The story of Austin of England begins in Longbridge, South Birmingham, just as it continued until 2019, as the only remaining factory in British hands in what was once, a huge and sprawling empire. Herbert Austin had started out in the motor industry, working at Wolseley cars, where he quickly became the general manager.
In 1905, he resigned from the company, so he could set-up on his own. Production of his first car, the chain-driven 25/30HP, started a year later – this particular car being noteworthy for being well-made, employing a side valve T-head engine and separately cast cylinders.
Production was expanded so that within three years, Austin offered a full range of 15, 18/24 and 40HP four cylinder models and a 60HP Six. Four of the six cylinder models were entered in the 1908 French Grand Prix, but two of these were crash damaged in practice. Out of the two damaged cars, one good one was salvaged, but it fared badly in the race, suffering from a seizure. The two that were left did go on to finish, crossed the line in 18th and 19th position.
The first mini-Austin breaks cover
In 1909, a mini car, the single cylinder 7HP model appeared. It was effectively a re-badged Swift, but it was in no doubt the inspiration for the later Austin Seven of 1922. Austin was growing as a car producer, offering this full range of cars, starting at the 7HP, through the odd 15HP model with its cab-over-engine configuration, culminating with the 60HP model, which boasted an engine of almost 6.0 litres.
Production was punctuated by WW1 in 1914, as was life itself. 1919 saw the next change in the Austin manufacturing philosophy where instead of previously, there had been a wide range of cars, catering for a wide range of tastes, he offered just one car – the 3.6-litre Austin 20. Unfortunately, this large, American inspired car failed to sell in any great numbers and along with mounting losses caused by the government decreed West Works Shell factory, led to Austin being placed under receivership in 1920.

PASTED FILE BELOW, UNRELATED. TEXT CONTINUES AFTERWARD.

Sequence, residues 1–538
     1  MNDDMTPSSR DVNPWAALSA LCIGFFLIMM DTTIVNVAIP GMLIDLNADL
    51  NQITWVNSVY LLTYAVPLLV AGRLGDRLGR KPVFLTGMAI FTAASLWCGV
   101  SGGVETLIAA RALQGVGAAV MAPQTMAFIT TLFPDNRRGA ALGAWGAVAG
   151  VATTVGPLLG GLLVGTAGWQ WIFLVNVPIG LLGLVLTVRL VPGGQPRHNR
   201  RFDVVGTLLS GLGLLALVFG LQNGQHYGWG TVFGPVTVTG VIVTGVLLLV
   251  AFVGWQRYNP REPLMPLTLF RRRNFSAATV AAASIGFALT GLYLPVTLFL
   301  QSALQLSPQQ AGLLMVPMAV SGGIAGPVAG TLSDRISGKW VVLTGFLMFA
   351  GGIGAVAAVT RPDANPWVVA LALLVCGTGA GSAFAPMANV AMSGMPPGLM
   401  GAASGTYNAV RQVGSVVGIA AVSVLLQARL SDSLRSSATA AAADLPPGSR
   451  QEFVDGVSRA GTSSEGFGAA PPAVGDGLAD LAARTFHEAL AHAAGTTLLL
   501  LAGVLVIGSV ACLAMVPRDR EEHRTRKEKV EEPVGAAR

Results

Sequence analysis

In double-quick time, Austin produced a smaller, more UK-friendly design, the 1.6-litre Austin Twelve, effectively a scaled down version of the Austin 20. This car did manage to sell and remained in production until 1936, seemingly beginning the love affair that UK Manufacturers seem to have with long production runs.
Seven revolutionises Austin
The car that saved Austin’s bacon, though, was the legendary Seven, launched a year after the Twelve, in 1922. Conceived as a response to the motorcycle/side-car combinations that Herbert Austin despised so much, but which were proliferating on our roads. He and draftsman Stanley Edge planned the car using the billiard table he possessed at home in order to give it scale. The resulting car was a 696cc (later enlarged to 747cc) open topped four-seater which could most aptly be described as a scaled down replica of a full-sized car.
The Seven proved to be a huge success, helping put the working class on wheels, and it went on to sell 290,000 in a production that continued through to 1939. The companies that would become BMW in Bavaria began car production building the Austin Seven under licence. Nissan’s version of the Austin Seven, however, was a clone of the car – not an agreed venture – and when Herbert Austin inspected one of Nissan’s cars, it was considered just different enough to avoid litigationâ€¦
Because of the success of the Seven, Austin re-embarked on his bid to build larger cars, developing and launching a replacement for the ill-fated Austin 20, this time using a 3.4 litre six-cylinder engine, as opposed to the four of its predecessor.